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Independent board for NHS

The Department of Health will hand over day to day running of the NHS to a new independent board and will refocus on public health, under a radical shake-up being considered by the new coalition government.

Health Secretary Andrew Lansley has made the changes a top priority and sees them as a way to free up his new ministerial team to focus on major new initiatives on obesity, smoking and health deprivation instead of becoming bogged down in the ‘nitty gritty’ of NHS management.

The role of the new NHS board will include allocating resources and overseeing commissioning of care, paving the way for a potential rebranding of the Department of Health as the Department of Public Health. 'Andrew Lansley has a longstanding aim to become Secretary of State for Public Health,' one Tory insider told Pulse. 'He wants government to focus on the big public health issues and thinks there is too much political interference in the running of the NHS.'

On paper, the plan looks to be at odds with Lib Dem aspirations to introduce elected health boards to run commissioning at a local level, but there is understood to be ‘no friction’ between the parties, with the Conservative plans apparently being pushed through unaltered.

A Conservative party source involved in drawing up the election manifesto told Pulse that the Health Secretary believed all the great advances in health had been in the public health domain through initiatives such as clean water supplies.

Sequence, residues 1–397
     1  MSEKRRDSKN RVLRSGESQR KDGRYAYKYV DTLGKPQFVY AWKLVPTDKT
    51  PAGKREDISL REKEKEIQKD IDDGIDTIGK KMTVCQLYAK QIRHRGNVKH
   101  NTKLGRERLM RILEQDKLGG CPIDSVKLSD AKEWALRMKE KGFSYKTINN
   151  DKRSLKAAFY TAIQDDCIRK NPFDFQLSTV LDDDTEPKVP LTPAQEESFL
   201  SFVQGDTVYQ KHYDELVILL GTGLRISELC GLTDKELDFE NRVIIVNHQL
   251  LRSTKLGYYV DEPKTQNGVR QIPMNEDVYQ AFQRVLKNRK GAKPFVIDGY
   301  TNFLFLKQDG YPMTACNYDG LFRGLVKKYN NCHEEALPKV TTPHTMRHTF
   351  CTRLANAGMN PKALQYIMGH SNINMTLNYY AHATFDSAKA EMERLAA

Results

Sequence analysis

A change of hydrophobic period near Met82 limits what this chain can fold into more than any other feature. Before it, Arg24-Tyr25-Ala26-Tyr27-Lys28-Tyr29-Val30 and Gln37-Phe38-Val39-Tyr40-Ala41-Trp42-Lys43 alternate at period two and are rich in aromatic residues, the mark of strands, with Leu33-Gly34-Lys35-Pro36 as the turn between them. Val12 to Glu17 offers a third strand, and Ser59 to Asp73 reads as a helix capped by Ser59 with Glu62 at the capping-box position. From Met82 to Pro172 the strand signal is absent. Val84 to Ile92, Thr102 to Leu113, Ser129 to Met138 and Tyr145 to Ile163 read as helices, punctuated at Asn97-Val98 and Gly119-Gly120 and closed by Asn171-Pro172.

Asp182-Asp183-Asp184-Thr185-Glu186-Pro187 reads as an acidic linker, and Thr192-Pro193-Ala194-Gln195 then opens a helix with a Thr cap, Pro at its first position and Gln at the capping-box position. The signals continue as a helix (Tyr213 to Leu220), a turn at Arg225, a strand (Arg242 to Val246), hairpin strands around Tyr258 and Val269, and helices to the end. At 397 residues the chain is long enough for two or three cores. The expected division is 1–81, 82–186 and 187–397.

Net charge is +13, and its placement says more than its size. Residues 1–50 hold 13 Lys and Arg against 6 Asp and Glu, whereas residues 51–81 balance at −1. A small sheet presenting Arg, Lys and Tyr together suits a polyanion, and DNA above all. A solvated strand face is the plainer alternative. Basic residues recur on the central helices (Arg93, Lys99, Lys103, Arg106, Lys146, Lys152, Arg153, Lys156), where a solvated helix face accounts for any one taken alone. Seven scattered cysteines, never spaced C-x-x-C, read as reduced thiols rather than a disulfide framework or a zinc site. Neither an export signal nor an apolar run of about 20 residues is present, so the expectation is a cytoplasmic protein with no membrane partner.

‘He´s keen to raise the game for public health and make a department for it.’ The new NHS board would also help sort out health inequalities by applying a ‘health premium’ to resource allocations in deprived areas. This would be one way of allowing the Lib Dem policy pledge of reforming payments to GPs in deprived areas to be honoured, the source said.

By Alisdair Stirling

The Department of Health will hand over day to day running of the NHS to a new independent board and will refocus on public health, under a radical shake-up being considered by the new coalition government.

Health Secretary Andrew Lansley has made the changes a top priority and sees them as a way to free up his new ministerial team to focus on major new initiatives on obesity, smoking and health deprivation instead of becoming bogged down in the ‘nitty gritty' of NHS management.

The role of the new NHS board will include allocating resources and overseeing commissioning of care, paving the way for a potential rebranding of the Department of Health as the Department of Public Health. 'Andrew Lansley has a longstanding aim to become Secretary of State for Public Health,' one Tory insider told Pulse. 'He wants government to focus on the big public health issues and thinks there is too much political interference in the running of the NHS.'

On paper, the plan looks to be at odds with Lib Dem aspirations to introduce elected health boards to run commissioning at a local level, but there is understood to be ‘no friction' between the parties, with the Conservative plans apparently being pushed through unaltered.

A Conservative party source involved in drawing up the election manifesto told Pulse that the Health Secretary believed all the great advances in health had been in the public health domain through initiatives such as clean water supplies.

‘He´s keen to raise the game for public health and make a department for it.' The new NHS board would also help sort out health inequalities by applying a ‘health premium' to resource allocations in deprived areas. This would be one way of allowing the Lib Dem policy pledge of reforming payments to GPs in deprived areas to be honoured, the source said.

Independent board for NHS

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